18. […] – Cloud computing survey commissioned by Citrix, August 2012: http://www.citrix.com/lang/English/lp/lp_2328330.asp – The proposed Center for Innovation, Testing and Evaluation, New Mexico: http://www.forumforthefuture.org/greenfutures/articles/worlds-first-city-robots – China Miéville quoted from “Alien Evasion” by China Miéville, published in Arc 1.1, February 2012: The Future Always Wins: http://is.gd/chinam – Invisible Fields (2011), co-curated by José Luis de Vicente and Honor Harger and at Arts Santa Monica, Barcelona: http://www.lighthouse.org.uk/programme/invisible-fields – 20Hz by Semiconductor (2011): http://www.lighthouse.org.uk/programme/semiconductor-20-hz – Frequency & Volume by Rafael Lozano-Hemmer – Immaterials: Light Painting WiFi by Timo Arnall and collaborators (2011) shown at Invisible Fields, Barcelona 2011-12: http://vimeo.com/20412632 – Timo Arnall quoted in No to NoUI by Timo Arnall, March 2013: http://www.elasticspace.com/2013/03/no-to-no-ui […]

  19. No to NoUI says:

    […] Timo Arnall writes: […]

  20. […] Timo Arnall: No to NoUI […]

  21. […] 19] Timo Arnall, “No to NoUI” – think of a built space as an interface to the “knowledge work” that’s taking place […]

  22. […] haven’t really been following the “NoUI” thing, but I did really enjoy reading this article arguing against NoUI, and am dying to explore the amazing resources linked throughout (a lot of which are on design, UX, […]

  23. […] as interaction designer/technology researcher/filmmaker Timo Arnall convincingly argues,  a) not all interface designers necessarily know (or agree with) this idea; and b) the language […]

  24. […] in the hype. Interfaces can be both visible and useful if they are simple and straightforward (read these two articles for fantastic discussions on the shortcomings of the “no UI” movement). […]

  25. […] The rise of the noUI. Simply a brilliant and must read article. […]

  26. […] The rise of the noUI. Simply a brilliant and must read article. […]

  27. […] The rise of the noUI. Simply a brilliant and must read article. […]

  28. […] as interaction designer/technology researcher/filmmaker Timo Arnall convincingly argues,  a) not all interface designers necessarily know (or agree with) this idea; and b) the language […]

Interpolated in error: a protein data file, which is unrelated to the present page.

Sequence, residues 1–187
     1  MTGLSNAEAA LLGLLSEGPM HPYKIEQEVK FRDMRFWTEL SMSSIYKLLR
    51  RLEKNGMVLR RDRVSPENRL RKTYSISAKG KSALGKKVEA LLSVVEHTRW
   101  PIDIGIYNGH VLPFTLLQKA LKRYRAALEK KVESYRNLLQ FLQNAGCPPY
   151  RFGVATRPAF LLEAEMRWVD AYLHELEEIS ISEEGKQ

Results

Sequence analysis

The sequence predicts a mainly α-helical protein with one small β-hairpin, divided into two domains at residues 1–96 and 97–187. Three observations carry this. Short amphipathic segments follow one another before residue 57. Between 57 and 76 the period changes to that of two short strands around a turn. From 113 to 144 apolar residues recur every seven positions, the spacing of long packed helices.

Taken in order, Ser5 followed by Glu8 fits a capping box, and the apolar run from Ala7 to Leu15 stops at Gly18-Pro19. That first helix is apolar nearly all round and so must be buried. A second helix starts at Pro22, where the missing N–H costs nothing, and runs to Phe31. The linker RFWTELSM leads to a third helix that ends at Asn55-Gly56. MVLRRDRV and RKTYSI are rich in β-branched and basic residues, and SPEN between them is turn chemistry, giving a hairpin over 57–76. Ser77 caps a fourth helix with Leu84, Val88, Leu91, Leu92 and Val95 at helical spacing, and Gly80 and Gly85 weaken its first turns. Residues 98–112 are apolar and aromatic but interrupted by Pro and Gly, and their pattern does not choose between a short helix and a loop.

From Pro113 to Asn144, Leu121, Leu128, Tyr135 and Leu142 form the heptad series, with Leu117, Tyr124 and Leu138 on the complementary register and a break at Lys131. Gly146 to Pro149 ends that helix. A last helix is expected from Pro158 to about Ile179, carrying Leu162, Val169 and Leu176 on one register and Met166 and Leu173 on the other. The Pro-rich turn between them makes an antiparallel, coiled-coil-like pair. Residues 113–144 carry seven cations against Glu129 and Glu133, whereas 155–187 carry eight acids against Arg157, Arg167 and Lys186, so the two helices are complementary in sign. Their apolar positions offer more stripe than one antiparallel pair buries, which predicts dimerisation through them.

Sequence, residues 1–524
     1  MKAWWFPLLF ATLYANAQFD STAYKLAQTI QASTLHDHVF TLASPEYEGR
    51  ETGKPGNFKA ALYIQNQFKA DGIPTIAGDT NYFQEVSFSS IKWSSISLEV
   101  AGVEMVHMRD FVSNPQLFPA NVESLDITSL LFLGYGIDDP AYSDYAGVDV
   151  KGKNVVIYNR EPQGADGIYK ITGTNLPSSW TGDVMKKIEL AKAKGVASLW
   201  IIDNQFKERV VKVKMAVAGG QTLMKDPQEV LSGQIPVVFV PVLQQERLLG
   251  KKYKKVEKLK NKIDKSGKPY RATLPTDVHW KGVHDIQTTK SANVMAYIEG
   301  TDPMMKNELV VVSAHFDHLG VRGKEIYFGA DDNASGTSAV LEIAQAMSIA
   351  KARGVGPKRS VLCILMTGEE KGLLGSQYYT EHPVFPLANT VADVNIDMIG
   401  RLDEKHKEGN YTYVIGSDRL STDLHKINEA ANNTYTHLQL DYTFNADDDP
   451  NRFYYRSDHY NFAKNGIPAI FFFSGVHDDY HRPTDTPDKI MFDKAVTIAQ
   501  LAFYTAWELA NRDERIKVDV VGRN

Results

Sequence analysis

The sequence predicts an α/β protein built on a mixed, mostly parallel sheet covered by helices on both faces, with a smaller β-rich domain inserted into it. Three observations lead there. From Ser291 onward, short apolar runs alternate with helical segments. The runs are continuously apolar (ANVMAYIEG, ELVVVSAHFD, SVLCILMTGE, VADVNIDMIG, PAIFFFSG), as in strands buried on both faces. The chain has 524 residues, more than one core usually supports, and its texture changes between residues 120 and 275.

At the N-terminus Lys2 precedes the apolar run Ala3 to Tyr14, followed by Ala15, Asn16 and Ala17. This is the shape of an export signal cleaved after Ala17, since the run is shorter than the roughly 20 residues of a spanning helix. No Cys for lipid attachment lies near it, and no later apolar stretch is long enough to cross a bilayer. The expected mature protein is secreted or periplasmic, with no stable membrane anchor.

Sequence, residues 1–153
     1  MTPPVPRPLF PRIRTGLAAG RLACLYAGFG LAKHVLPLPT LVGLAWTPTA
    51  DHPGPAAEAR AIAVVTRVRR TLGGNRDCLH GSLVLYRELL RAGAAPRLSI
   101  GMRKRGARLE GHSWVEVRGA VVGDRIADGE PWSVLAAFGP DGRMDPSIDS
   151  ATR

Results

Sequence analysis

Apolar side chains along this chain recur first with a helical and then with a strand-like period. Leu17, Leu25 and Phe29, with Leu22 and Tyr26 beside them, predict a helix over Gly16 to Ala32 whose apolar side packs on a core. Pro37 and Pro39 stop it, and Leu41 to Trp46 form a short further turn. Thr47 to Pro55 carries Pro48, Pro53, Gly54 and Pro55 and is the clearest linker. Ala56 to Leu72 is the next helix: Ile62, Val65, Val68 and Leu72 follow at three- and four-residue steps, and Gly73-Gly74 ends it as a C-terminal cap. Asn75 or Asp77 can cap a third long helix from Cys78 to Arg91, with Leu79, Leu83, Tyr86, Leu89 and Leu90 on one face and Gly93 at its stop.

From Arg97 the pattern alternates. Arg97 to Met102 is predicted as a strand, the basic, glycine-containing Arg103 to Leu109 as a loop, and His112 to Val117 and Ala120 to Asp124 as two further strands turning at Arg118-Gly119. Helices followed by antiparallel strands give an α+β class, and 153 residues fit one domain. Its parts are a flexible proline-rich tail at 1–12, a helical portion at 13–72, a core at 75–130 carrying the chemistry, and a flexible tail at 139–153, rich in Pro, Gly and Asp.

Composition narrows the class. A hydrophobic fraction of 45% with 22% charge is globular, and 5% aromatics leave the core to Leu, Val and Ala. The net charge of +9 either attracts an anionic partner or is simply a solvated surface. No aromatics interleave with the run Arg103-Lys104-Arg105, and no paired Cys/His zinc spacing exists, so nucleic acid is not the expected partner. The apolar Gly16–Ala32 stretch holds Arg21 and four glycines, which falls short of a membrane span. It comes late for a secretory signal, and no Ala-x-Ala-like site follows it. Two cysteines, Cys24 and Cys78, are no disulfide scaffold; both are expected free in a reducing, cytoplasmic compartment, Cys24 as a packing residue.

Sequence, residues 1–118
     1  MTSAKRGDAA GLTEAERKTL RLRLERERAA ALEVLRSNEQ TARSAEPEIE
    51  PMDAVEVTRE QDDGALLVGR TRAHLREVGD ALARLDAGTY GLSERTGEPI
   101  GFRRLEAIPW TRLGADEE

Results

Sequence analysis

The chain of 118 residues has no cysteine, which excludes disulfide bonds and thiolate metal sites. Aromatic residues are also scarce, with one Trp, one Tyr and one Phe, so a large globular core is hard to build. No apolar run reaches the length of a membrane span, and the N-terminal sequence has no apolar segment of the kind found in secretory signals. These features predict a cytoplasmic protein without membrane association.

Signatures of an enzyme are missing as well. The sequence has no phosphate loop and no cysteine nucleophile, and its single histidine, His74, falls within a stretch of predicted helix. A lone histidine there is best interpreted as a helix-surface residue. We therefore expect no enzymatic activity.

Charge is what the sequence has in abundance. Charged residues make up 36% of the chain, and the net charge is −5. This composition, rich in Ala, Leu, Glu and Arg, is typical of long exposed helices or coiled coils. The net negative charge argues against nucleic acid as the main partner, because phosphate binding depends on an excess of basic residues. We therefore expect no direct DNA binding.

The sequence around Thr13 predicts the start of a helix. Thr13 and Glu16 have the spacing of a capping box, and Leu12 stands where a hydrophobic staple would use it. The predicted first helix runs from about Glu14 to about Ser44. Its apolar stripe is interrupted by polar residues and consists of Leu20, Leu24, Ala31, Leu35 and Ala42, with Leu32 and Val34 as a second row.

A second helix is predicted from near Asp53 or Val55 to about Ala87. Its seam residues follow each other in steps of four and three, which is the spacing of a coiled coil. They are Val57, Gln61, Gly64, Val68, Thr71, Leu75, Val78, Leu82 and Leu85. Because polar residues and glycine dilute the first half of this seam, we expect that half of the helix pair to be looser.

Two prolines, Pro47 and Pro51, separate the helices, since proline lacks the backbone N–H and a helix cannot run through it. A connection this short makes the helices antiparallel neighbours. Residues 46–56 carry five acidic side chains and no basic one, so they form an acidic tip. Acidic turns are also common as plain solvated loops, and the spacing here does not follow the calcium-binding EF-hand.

29. […] you have even a passing interest in HCI and UX, please do give the entire piece a read, including the many fascinating references he links […]

  30. […] talk “No to NoUI“, Ash’s new podcast, the implicit aspects of design, Geoff Teehan’s Medium post, […]

  31. […] insightful article by Timo Arnall over at elastic space. The argument is against all the recent “invisible interface” […]

  32. […] world is full of haters. Yep, some people just like to criticize. We came across a blog post recently that took quite a negative view on NUI design and quite honestly mis-represented, or […]

  33. […] No to NoUI by Timo Arnall, at BERG Is really the best design invisible? A call from Timo Arnall. […]

  34. […] in the hype. Interfaces can be both visible and useful if they are simple and straightforward (read these two articles for fantastic discussions on the shortcomings of the “no UI” movement). It’s ok to […]

  35. […] No to NoUI?“Our goal should be to ‘place as much control as possible in the hands of the end-user by making interfaces evident’. Of course the interfaces we design may become normalised in use, effectively invisible over time, but that will only happen if we design them to be legible, readable, understandable and to foreground culture over technology. To build trust and confidence in an interface in the first place, enough that it can comfortably recede into the background.” […]